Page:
Given that the Americas have an aggregate population in the one billion range and is host to the world’s first and sixth largest economies (the U.S. and Brazil), it would behoove the United States to get its hemispheric house in order now. If the trends taking place in Mexico, Central America, and some of the major urban centers of Brazil and Colombia are any indication, failure to do so will result in an increasing nonstate threat metastasis taking place. What such a response will entail is that of a “Half-Pivot to the Americas,” based on its own combination of “engagement and containment” directed at the gangs, cartels, and other belligerent nonstate entities which now exist.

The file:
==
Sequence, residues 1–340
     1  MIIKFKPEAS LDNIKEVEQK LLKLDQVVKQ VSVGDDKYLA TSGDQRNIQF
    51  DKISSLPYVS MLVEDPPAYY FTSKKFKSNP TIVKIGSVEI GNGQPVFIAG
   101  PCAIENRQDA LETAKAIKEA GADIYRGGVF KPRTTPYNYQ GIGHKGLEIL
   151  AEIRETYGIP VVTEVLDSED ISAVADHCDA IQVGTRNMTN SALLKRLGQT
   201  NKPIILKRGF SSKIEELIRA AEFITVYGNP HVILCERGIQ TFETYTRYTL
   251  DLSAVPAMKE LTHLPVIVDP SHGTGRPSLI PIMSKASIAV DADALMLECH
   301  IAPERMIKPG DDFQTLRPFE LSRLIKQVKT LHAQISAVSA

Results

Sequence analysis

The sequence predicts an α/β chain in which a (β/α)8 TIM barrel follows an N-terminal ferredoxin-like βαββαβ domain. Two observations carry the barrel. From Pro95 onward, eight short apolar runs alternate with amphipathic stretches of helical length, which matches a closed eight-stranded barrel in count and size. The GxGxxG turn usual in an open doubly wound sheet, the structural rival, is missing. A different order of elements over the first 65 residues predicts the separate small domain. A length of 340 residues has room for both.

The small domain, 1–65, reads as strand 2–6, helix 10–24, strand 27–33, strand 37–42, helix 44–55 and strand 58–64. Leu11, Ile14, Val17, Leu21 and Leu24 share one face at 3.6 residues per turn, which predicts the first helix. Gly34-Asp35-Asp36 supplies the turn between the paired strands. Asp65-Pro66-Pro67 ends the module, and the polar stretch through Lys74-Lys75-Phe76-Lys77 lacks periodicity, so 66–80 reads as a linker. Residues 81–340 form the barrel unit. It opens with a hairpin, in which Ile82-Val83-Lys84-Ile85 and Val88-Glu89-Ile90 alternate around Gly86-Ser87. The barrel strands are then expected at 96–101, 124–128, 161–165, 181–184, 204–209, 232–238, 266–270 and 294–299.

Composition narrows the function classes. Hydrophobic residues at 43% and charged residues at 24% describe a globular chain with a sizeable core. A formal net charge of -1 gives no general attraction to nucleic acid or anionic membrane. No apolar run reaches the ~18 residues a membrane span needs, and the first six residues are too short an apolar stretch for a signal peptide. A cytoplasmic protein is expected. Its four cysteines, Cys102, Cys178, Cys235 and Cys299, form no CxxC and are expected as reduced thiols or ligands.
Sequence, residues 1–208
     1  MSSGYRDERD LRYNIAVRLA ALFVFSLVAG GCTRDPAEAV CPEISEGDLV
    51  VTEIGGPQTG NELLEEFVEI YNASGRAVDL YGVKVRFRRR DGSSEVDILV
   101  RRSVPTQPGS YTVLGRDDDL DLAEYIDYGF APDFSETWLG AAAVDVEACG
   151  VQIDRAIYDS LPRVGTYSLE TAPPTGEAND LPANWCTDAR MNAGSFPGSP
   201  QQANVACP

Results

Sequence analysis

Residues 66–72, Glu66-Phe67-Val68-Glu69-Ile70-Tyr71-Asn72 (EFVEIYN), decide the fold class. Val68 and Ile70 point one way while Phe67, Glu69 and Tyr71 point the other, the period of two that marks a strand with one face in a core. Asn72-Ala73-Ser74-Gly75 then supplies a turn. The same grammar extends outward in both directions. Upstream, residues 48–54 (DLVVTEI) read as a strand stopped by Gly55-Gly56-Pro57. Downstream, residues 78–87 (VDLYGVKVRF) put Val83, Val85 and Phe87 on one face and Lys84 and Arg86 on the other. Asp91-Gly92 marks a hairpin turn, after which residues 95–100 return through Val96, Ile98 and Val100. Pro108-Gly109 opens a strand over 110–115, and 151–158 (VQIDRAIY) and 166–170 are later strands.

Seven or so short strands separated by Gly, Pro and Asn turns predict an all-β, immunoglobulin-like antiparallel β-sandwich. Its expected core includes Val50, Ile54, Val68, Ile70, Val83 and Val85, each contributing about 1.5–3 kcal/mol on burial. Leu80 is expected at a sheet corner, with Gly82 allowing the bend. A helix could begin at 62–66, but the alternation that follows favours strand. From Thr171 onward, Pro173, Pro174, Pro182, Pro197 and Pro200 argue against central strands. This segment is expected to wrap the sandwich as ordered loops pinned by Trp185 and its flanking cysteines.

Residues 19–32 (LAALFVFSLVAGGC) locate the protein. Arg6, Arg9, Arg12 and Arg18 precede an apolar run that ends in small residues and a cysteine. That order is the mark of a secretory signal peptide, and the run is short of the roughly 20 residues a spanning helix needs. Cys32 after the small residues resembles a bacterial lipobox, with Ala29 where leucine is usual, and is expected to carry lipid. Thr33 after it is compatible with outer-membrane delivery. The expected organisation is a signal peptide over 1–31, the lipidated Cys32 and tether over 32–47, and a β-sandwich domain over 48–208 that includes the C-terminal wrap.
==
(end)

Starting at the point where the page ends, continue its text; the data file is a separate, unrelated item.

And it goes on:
This strategy, while subordinate to the one now focusing on China, would represent a critical component in further bolstering the U.S. defense posture. It would specifically utilize Army, Marine, and Special Forces units in a supportive and advisory role to the military forces of our hemispheric allies.These allied military forces by themselves, however, are of course also insufficient for the task at hand. They would be integrated into a more encompassing holistic approach that draws upon allied, local, state, and federal police forces that are, in turn, supported by U.S. federal policing and investigative agencies. The intent would be to layer and integrate both policing and military capabilities of the allies and the U.S. on top of one another to create a combined forces approach. Policing responses would be emphasized, but the reality for an increasing number of regions in the Americas is that local, and even state-level, law enforcement agencies are either outclassed by the opposing nonstate forces they are up against or have been co-opted by them and become part of the growing problem.